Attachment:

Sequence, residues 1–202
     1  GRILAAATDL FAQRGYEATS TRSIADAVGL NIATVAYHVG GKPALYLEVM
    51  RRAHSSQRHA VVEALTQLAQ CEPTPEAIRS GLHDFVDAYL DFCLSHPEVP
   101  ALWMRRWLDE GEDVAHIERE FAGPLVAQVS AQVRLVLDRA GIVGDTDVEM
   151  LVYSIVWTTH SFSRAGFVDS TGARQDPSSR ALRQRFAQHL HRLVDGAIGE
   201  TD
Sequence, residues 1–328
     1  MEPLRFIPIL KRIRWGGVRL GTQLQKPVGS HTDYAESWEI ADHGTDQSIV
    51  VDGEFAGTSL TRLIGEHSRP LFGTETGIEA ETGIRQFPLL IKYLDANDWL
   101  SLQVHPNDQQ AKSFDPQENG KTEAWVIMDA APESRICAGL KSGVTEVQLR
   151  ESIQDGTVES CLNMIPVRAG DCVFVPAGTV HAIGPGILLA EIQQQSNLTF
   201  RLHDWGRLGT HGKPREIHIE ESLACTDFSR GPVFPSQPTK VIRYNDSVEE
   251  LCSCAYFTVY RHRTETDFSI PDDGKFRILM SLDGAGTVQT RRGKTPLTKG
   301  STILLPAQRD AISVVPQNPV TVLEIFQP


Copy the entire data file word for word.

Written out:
Sequence, residues 1–202
     1  GRILAAATDL FAQRGYEATS TRSIADAVGL NIATVAYHVG GKPALYLEVM
    51  RRAHSSQRHA VVEALTQLAQ CEPTPEAIRS GLHDFVDAYL DFCLSHPEVP
   101  ALWMRRWLDE GEDVAHIERE FAGPLVAQVS AQVRLVLDRA GIVGDTDVEM
   151  LVYSIVWTTH SFSRAGFVDS TGARQDPSSR ALRQRFAQHL HRLVDGAIGE
   201  TD
Sequence, residues 1–328
     1  MEPLRFIPIL KRIRWGGVRL GTQLQKPVGS HTDYAESWEI ADHGTDQSIV
    51  VDGEFAGTSL TRLIGEHSRP LFGTETGIEA ETGIRQFPLL IKYLDANDWL
   101  SLQVHPNDQQ AKSFDPQENG KTEAWVIMDA APESRICAGL KSGVTEVQLR
   151  ESIQDGTVES CLNMIPVRAG DCVFVPAGTV HAIGPGILLA EIQQQSNLTF
   201  RLHDWGRLGT HGKPREIHIE ESLACTDFSR GPVFPSQPTK VIRYNDSVEE
   251  LCSCAYFTVY RHRTETDFSI PDDGKFRILM SLDGAGTVQT RRGKTPLTKG
   301  STILLPAQRD AISVVPQNPV TVLEIFQP